Virginia Chorale: The Little Match Girl Passion
Sacred Heart Catholic Church, February 8, 2015
Review by M.D. Ridge

A little more than three centuries separates composers Johann Sebastian Bach and David Lang. The Virginia Chorale, under the admirably fluid conducting of Charles Woodward, brought works by both into fortunate juxtaposition February 8 at Sacred Heart Church in Norfolk.

The first half featured works by Bach, sung by the Chorale with subtle accompaniment by organist Bradley Norris playing an interesting little organ with interior pipes and no pedals; Sarah Glosson provided bass on viola da gamba.

Lobet den Herrn is a setting of Psalm 117’s praise, whose rippling Alleluias exuded pure joy. O Haupt, voll Blut und Wunden—its hymn tune familiar as the Passion Chorale, “O Sacred Head Surrounded”— was the first of two selections from Bach’s masterwork, the St. Matthew Passion. It was sung a cappella simply and beautifully. Herzliebster Jesu, also from the St. Matthew Passion, asked the question, “Beloved Jesus, what has thou done wrong?”

The pristine Ich bin’s, ich sollte büssen was on the heartfelt text, “I should atone for what you endured.” Viola da gamba and organ helped Woodward bring out all the dramatic colors of the eleven sections of Bach’s funeral motet Jesu, meine Freude (Jesus, my joy), especially the pure, floating soprano lines, rich altos and satisfying tenors and basses of the third section. The fourth featured a solo trio of sopranos Corbin Thomas Shoup and Anna Feucht and alto Emily Russell. In the fifth, the middle part—“Rage, O world, and rear up. I shall stand here and sing in confident tranquility”—was particularly lovely.

Alto Bonnie Lambert-Baxter, tenor Scott Crissman and baritone Marshall Severin—brought out the meaning of the eighth section with clarity and respect. After an SAB octet, the Chorale evoked all the drama of the tenth section, before the final return of the Jesu Meine Freude melody. These demanding works required—and got—the singers’ complete concentration, superb choral breathing and clear diction.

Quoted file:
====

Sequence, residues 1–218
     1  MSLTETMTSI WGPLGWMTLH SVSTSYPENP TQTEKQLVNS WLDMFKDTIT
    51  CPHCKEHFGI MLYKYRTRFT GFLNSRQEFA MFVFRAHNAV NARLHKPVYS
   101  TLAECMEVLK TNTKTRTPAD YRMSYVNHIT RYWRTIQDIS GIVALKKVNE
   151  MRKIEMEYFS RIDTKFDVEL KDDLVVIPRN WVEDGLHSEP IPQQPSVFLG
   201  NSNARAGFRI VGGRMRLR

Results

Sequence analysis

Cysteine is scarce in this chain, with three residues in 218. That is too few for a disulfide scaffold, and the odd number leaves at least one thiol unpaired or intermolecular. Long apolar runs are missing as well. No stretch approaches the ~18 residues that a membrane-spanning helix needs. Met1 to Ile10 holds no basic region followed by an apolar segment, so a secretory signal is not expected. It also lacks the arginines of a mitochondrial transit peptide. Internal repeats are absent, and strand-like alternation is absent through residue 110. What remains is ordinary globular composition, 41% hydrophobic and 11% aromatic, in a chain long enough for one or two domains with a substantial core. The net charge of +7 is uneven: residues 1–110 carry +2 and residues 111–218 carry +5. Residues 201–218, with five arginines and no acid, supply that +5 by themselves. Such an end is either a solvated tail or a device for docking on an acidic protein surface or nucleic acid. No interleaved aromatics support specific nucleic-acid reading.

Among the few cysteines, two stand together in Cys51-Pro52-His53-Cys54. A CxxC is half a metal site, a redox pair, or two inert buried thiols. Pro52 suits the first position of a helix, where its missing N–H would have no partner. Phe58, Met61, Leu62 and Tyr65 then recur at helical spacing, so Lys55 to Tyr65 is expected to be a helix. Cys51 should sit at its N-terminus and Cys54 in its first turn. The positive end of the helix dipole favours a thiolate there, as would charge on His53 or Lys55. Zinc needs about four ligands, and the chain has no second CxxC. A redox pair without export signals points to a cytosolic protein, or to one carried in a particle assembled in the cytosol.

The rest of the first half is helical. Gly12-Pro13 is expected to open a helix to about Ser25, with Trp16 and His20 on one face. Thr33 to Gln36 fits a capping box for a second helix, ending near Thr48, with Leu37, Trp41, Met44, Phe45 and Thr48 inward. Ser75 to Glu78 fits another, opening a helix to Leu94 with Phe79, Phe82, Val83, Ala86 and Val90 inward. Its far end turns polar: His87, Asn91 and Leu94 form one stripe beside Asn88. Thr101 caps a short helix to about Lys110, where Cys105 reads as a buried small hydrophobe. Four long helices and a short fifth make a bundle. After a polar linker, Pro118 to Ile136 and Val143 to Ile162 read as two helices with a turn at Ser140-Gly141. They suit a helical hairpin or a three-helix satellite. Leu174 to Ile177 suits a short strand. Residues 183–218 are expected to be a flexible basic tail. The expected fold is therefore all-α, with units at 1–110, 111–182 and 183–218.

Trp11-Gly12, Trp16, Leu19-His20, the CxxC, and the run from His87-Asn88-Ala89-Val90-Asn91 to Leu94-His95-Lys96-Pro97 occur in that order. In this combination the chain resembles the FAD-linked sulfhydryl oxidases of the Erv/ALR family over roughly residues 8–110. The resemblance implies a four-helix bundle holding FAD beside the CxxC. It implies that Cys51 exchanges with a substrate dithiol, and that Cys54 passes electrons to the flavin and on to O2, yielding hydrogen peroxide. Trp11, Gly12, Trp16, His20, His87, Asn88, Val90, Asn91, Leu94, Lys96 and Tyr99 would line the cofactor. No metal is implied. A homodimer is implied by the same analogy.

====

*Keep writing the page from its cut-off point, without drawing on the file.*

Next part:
David Lang originally wrote The Little Match Girl Passion as a commission for the four voices of Paul Hilliard and the Theatre of Voices; it won the Pulitzer Prize for music in 2008. He later rearranged it for chorus and percussion played by members of the chorus: brake drum, crotales (small cymbals), glockenspiel, sleighbells, bass drum and tubular bells.

Drawn into the transcendence of Bach’s St. Matthew Passion, Lang was looking for a way to tell the passion story in a secular way; his wife suggested the Hans Christian Anderson story of “The Little Match Girl,” in which a poor and desperate girl, ignored by the crowd around her, suffers, freezes to death and is transfigured. The Virginia Chorale was at once narrator and observer, tellers of the tale and witnesses to suffering.

The opening section, “Come, daughter,” created a mood with piercing questions—Come, Help, Look, Where, Who, Why, Gone—with insistent phrases repeated rapidly. The story unfolded in sections of short, rising phrases, interrupted and restated intently.

As the chorus made its way through the story, the little match girl was brought to life by Caroline Rigby, with a mobile face and almost unobtrusive physical intensity that grew into the ecstasy of being united with her dead grandmother, who brings the girl into heaven. Directed by Jeffrey Gallo (who also directed last season’s stunning Path of Miracles), Rigby was low-key but effective, giving the story a face without distracting from the chorus.

The third section, “Dearest heart,” echoed Bach’s Herzliebster Jesu: “What did you do that was so wrong? Why is your sentence so hard?” Later, the men intoned a near direct quote from the bible: “From the sixth hour there was darkness. . . . and at the ninth hour she cried out Eli, Eli.”

The little girl rose up from death, turning and turning with glacial slowness while the chorus sang long notes against rapid “staystaystaystay.” It ended with quiet repetitions of “Rest soft. Rest soft,” diminishing into silence.

Woodward, as a conductor, has an unusual ability to “disappear” into the music, so that one sees and hears the singers . . . and then, at the end, is surprised—“Oh, you were there all along.” The results speak for themselves.

This review was originally broadcast on WHRO 90.3 FM’s “From the other side of the Footlights.”

Virginia Chorale: 88x2
Christ and St. Luke's Church, Norfolk